As a Peace Corps volunteer in Ghana in the mid-1980s, Peckham not only learned about how to help in developing countries, but he first noticed the surprising lack of bicycles in a place where they seemed to make sense.
When the African nation removed the import duties on bikes in 1999, Peckham saw his chance and started his program, modeled off one that sent bikes to Nicaragua.
"I went to look at the bike culture [in Ghana] and found people who really wanted something to happen," he said.
Unlike Village Hope's plan, the bikes provided by the Village Bicycle Project are sold rather than given. Peckham said roughly 70 percent are sold on the open market to recover the cost of shipping, and the remaining 30 percent are sold at half-price to people who volunteer to take a free, one-day basic bike maintenance course.
"We don't believe in give-away charity," he said. "A gift isn't appreciated, it isn't valued."
When Bart first reached out to Peckham, Peckham said he was surprised to see another Idaho charity focusing on bikes. When the two groups first started talking, the idea was to gather the used bikes from the Moscow area, but Peckham pointed out that if he can get 400 bikes from Moscow annually, surely Bart could find 40 in Boise. Peckham then contacted the Boise Bike Project, a young nonprofit that fixes up donated bicycles and matches them with refugees and children in need.
"They were just a natural ally of what we're doing," Peckham said.
BBP welcomed the partnership. "It's a good program to be a part of," said BBP co-founder Brian Anderson. "It promotes bicycling and folks in our community are coming out and learning about bicycle maintenance."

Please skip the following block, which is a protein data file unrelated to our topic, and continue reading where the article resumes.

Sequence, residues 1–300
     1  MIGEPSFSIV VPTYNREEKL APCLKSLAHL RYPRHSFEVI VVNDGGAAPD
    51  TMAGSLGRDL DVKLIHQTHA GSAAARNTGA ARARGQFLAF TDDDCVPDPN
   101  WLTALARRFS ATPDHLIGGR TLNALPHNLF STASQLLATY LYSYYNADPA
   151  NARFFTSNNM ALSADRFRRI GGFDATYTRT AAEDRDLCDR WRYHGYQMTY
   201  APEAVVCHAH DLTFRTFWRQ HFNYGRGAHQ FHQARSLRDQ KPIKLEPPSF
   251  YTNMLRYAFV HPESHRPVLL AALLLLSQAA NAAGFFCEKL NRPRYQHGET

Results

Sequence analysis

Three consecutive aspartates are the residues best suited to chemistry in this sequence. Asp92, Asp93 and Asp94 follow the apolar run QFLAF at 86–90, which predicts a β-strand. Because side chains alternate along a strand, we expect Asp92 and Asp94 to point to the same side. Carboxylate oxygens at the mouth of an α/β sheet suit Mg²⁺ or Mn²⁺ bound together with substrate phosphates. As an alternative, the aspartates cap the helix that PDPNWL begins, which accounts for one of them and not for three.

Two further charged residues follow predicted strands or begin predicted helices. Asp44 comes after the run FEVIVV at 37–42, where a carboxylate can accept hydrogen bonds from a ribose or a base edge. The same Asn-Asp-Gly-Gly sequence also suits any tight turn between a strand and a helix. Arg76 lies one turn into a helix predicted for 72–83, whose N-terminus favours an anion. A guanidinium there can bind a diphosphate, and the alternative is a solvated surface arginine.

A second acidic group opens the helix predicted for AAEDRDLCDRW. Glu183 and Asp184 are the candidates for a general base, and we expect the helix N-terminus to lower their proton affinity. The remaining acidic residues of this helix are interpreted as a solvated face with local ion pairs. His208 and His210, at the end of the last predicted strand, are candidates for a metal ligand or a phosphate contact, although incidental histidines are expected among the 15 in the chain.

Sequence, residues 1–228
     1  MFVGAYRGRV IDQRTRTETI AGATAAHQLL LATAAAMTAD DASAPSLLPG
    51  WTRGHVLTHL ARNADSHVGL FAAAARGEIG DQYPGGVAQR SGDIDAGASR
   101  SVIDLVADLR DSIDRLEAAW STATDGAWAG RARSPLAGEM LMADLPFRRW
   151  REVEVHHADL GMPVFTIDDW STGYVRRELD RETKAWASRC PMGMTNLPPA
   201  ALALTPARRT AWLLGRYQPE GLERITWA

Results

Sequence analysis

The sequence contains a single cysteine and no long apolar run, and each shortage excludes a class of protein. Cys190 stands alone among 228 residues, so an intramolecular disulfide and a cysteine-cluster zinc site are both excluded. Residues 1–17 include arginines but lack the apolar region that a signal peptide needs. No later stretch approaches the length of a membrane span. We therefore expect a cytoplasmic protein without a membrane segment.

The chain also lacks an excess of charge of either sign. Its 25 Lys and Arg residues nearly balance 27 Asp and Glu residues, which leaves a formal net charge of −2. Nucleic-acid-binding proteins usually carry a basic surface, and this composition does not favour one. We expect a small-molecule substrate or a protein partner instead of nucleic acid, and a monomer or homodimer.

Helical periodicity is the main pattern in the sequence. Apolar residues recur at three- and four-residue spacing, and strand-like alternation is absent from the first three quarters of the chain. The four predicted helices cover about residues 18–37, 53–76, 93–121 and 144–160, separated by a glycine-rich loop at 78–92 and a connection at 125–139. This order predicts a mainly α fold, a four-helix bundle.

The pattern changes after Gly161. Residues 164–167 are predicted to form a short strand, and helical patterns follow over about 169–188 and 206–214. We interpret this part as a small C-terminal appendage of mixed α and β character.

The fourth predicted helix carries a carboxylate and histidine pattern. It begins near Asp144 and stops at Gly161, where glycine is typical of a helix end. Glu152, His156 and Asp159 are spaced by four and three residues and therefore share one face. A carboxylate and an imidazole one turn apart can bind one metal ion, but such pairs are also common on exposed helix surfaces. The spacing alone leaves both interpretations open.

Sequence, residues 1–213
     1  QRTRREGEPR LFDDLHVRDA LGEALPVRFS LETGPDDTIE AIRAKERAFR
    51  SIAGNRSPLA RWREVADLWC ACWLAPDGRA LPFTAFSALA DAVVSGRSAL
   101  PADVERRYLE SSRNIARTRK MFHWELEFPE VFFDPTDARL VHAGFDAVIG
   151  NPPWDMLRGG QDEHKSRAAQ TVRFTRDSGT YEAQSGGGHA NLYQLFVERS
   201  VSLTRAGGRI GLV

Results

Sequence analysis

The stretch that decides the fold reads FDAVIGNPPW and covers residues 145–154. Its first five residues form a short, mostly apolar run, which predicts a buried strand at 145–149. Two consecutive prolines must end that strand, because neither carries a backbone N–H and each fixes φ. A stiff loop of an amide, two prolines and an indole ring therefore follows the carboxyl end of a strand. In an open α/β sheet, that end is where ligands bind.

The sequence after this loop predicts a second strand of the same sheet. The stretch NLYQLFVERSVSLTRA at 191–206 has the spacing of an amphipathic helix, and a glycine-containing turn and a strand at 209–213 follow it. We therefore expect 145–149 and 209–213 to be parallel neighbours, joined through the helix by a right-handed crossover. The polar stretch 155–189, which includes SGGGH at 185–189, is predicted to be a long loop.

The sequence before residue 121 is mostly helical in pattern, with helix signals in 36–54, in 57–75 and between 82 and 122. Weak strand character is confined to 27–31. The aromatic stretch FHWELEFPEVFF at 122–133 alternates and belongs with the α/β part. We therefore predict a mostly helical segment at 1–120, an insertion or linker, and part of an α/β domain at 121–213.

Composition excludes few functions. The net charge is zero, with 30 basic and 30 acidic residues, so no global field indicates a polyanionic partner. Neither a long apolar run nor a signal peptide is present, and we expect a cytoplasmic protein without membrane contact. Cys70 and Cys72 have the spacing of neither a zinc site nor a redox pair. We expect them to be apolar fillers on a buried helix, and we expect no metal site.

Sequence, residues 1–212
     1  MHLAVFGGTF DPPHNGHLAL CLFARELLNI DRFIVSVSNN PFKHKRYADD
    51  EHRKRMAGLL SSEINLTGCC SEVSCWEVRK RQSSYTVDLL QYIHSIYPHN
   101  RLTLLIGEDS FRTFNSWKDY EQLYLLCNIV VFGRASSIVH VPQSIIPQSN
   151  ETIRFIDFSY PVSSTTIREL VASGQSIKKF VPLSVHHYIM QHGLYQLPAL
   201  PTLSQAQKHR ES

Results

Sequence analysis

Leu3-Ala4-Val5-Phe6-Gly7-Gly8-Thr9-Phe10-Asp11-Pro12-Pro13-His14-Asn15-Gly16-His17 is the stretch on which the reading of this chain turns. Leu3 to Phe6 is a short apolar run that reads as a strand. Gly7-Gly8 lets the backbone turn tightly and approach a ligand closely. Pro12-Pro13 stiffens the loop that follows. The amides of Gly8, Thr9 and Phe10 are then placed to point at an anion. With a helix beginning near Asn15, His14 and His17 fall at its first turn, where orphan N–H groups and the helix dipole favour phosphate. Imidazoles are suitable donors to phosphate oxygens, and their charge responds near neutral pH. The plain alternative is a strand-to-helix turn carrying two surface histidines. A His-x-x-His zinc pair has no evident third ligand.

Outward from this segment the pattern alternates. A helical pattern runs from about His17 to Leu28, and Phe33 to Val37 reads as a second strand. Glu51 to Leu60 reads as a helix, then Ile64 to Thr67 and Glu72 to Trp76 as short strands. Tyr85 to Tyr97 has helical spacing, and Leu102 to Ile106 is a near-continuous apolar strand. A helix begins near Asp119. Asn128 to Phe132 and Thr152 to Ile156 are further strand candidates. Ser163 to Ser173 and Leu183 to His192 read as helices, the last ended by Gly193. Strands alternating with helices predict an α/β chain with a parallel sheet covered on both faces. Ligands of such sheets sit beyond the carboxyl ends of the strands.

Now, while Village Hope is making overall plans, Peckham is organizing the donation of bikes and efforts to repair them, while Boise Bike Project is providing the space for storage and work, as well as providing needed parts.
Last week, a group of volunteers spent an afternoon repairing the roughly 20 bikes donated so far, while organizers worked on ways to solicit even more bikes.
A group of Boise State Students have organized a bike drive for Saturday, Oct. 11, beginning at 9 a.m. at Boise Co-op. Organizers are specifically looking for mountain bikes, but Peckham said all bikes are welcome. Those that aren't suitable for the Village Hope project will be welcomed by BBP or used for parts.
Bart hopes to have the first container ready to ship by the middle of October, and he plans to meet the shipment in Africa to help clear the donations through customs in December. He will later be joined by a group of volunteers—private citizens from Boise as well as several groups of students from both Boise State and the Massachusetts Institute of Technology, where Bart has been working with professors to learn about less expensive ways to build new schools.
Peckham will join Bart for several weeks, not only to help the project, but to take a closer look at the possibilities of expanding the Village Bicycle Project into Sierra Leone.
Bart said Village Hope has roughly a dozen different projects in the works, including distributing the roughly 8,000 pencils, 5,000 pens and 3,000 notebooks already collected for school children and the bikes for their teachers.
It may seem like a small gesture, but Bart hopes it's the foundation for greater change. "[Sierra Leone] is one of the poorest countries, but it's a country on the road to recovery," he said.
For more information about the Village Hope bike project, visit villagehopeinc.org.